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I know sounds dumb, but how do you configure SysTick

Associate III

I need to run SysTick every microseconds instead of every millisecond. So I called:

SysTick_Config(SystemCoreClock / 1000000);

except that delay never ended, because the interrupt was low priority so:


Except this sets SysTick back to milliseconds. And if you reverse the order the Config set the interrupt to low priority. So either I am not using the preferred functions (I did get them from an example) or ???

Thanks in Adcance


> I need to run SysTick every microseconds instead of every millisecond.

> So I called:

> SysTick_Config(SystemCoreClock / 1000000);

> except that delay never ended,...

The "dumb" thing is, an interrupt needs already 12 clock cycles for entry, and 12 for the exit, without even doing anything useful. Cranking up the interrupt rate quickly saturated the MCU, i.e. the next interrupt arrives before the fist one is executed. Which probably happened in your case.

For tasks at said frequency, check available hardware options (i.e. timer + other peripherals), which do not load the core.

Associate III

Thanks for the information AvaTar; I will keep it in mind.

I found a solution:

	SysTick_Config(SystemCoreClock / 1000000);
	HAL_NVIC_SetPriority(SysTick_IRQn, 0, 0U);

What I don't understand is why the Cube does what it does.

__weak HAL_StatusTypeDef HAL_InitTick(uint32_t TickPriority)
  /* Configure the SysTick to have interrupt in 1ms time basis*/
  if (HAL_SYSTICK_Config(SystemCoreClock / (1000U / uwTickFreq)) > 0U)
    return HAL_ERROR;
  /* Configure the SysTick IRQ priority */
  if (TickPriority < (1UL << __NVIC_PRIO_BITS))
    HAL_NVIC_SetPriority(SysTick_IRQn, TickPriority, 0U);
    uwTickPrio = TickPriority;
    return HAL_ERROR;
  /* Return function status */
  return HAL_OK;

I can see the init setting a default rate and interrupt priority, but when then does

__STATIC_INLINE uint32_t SysTick_Config(uint32_t ticks)
  if ((ticks - 1UL) > SysTick_LOAD_RELOAD_Msk)
    return (1UL);                                                   /* Reload value impossible */
  SysTick->LOAD  = (uint32_t)(ticks - 1UL);                         /* set reload register */
  NVIC_SetPriority (SysTick_IRQn, (1UL << __NVIC_PRIO_BITS) - 1UL); /* set Priority for Systick Interrupt */
  SysTick->VAL   = 0UL;                                             /* Load the SysTick Counter Value */
  SysTick->CTRL  = SysTick_CTRL_CLKSOURCE_Msk |
                   SysTick_CTRL_TICKINT_Msk   |
                   SysTick_CTRL_ENABLE_Msk;                         /* Enable SysTick IRQ and SysTick Timer */
  return (0UL);                                                     /* Function successful */

Reset the priority to the lowest. Perhaps because I am mixing HAL and CMSIS? As I said forcing the priority after tha facts seems to work. Just wondering what the 'proper' approach is.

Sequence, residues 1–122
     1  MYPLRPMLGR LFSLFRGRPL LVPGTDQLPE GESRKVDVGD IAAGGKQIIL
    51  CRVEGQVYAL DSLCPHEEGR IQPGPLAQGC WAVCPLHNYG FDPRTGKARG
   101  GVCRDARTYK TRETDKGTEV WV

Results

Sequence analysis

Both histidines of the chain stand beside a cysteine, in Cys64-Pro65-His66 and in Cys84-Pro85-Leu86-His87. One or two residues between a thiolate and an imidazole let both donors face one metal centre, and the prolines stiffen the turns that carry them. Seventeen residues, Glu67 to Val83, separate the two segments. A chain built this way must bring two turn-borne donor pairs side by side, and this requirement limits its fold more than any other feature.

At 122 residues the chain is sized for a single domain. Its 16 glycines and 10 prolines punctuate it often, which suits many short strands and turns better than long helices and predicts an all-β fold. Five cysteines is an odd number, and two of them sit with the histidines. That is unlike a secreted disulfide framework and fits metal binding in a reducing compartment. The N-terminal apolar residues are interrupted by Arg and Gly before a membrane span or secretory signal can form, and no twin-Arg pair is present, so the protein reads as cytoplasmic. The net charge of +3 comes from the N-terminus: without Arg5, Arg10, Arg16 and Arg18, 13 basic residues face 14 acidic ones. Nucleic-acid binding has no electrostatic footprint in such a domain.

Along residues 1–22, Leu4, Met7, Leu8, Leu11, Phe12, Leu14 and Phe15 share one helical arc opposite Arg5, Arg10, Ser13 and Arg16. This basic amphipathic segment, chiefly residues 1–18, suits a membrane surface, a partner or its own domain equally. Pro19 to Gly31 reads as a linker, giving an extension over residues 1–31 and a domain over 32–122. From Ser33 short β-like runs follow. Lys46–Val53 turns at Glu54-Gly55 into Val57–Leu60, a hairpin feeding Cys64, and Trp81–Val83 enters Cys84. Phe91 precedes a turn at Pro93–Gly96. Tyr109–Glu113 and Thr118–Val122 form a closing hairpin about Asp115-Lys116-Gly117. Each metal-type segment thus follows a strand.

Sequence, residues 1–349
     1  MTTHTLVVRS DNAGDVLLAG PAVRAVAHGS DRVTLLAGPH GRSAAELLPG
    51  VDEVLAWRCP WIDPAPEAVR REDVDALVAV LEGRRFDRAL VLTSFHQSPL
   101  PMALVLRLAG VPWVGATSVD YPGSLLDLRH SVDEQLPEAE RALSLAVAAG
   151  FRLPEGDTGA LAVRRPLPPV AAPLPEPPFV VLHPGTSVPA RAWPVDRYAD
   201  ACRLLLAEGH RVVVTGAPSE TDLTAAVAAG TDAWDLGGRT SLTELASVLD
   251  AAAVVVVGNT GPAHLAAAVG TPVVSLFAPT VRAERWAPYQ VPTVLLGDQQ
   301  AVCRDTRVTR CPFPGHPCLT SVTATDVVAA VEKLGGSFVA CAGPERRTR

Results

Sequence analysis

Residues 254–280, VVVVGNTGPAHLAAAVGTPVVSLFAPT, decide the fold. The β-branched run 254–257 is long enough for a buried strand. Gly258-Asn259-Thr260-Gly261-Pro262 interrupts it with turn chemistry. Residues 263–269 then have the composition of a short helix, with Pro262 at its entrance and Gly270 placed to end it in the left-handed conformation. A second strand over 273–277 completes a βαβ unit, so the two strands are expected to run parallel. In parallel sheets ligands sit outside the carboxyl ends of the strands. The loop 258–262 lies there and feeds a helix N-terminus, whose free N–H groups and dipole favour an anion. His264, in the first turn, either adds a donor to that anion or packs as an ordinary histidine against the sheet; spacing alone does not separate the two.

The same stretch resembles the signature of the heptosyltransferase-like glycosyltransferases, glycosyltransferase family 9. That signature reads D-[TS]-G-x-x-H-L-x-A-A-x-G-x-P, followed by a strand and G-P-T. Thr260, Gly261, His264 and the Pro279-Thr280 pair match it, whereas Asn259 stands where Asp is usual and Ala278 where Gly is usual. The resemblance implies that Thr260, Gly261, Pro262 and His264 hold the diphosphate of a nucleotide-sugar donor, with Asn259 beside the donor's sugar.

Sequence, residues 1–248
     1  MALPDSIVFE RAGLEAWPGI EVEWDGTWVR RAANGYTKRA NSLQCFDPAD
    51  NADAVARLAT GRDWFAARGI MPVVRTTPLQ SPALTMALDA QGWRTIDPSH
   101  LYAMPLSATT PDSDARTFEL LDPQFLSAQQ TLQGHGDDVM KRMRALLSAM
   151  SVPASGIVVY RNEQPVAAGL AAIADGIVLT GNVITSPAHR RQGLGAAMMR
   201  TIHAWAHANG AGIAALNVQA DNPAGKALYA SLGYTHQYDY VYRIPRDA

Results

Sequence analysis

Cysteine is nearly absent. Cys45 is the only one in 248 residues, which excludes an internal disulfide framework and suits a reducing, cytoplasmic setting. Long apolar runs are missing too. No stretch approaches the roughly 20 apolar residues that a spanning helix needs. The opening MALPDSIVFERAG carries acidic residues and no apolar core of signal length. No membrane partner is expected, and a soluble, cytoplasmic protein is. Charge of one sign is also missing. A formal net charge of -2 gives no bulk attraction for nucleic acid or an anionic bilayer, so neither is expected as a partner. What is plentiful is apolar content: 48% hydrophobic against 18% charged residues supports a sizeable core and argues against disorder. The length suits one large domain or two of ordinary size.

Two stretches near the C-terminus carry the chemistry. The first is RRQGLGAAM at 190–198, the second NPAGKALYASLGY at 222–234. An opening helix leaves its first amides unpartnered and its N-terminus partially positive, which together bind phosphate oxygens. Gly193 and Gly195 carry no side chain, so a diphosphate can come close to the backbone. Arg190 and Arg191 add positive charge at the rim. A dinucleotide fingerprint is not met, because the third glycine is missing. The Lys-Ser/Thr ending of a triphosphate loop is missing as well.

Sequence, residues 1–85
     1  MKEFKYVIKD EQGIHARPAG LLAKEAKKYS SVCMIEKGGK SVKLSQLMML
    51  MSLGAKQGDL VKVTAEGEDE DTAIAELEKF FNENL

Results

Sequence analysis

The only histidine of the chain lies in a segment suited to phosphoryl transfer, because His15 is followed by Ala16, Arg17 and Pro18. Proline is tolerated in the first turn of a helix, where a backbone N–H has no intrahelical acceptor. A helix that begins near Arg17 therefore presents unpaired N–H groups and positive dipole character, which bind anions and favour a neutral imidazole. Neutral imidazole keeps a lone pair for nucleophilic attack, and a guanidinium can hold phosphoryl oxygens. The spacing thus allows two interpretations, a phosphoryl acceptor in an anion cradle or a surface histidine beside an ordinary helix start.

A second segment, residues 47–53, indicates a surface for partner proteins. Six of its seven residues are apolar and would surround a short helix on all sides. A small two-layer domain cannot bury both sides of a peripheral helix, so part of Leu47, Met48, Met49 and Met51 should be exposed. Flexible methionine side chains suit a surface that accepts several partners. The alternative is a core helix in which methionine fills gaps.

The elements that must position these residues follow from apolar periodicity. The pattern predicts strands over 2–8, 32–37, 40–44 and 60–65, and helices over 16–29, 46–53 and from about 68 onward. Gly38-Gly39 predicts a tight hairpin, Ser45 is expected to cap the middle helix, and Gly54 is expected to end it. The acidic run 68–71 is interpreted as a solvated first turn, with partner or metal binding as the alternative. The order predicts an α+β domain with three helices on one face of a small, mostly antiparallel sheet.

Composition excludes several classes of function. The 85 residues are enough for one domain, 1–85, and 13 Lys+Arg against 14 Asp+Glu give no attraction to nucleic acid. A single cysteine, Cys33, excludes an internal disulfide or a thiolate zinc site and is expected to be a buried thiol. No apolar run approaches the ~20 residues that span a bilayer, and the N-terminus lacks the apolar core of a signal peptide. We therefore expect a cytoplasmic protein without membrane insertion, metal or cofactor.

Thanks Again


> What I don't understand is why the Cube does what it does.

You are not alone here ... 😉

I would suggest to add a GPIO toggle to the SysTick interrupt, and measure the system load (relative time spent in the interrupt).

The proper approach might be to NOT interrupt at 1 MHz. If you need a timebase, have a 32-bit TIM counter clock at 1 MHz, or use DWT_CYCCNT to measure time down to the CPU clock granularity. For toggling an LED, or other pulse/signal generation tasks, use the TIM HW functionality. More complex stuff, use the TIM+DMA to drive a pattern buffer out to GPIO pins.

For HAL, most of the code has an expectation that SysTick has the highest preemption level so the HAL_Delay() and timeouts function properly in other interrupts/callbacks.

HAL allows you to replace WEAKly defined functions with cleaner ones better suited to your own specific use case.

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Chief II

By the way CPU load can be measured even better putting this code in idle/sleep routine:


It also needs some additional variables and basic calculation, but the basic idea is to measure and accumulate cycles spent in sleep mode and compare those to total cycles. That way measured load will include all tasks, interrupts and also cycles spent during IRQ mode switching.

Can this be done at the end of main loop for a bare metal code? I was also interested in measuring cpu load of main and interrupts separately. Currently thinking about using separate counters for holding DWT counts? If you have some better ideas, please do suggest.

Lead III


Without RTOS the CPU load measurement and sleep mode and should be implemented like this:

And generally the inefficient and constrained superloop should be replaced by a cooperative task scheduler:


Do you intend to measure the interrupts time for development purposes? If so, maybe it's better to take a look at SEGGER SystemView or something similar.

Thank you, I will checkout these.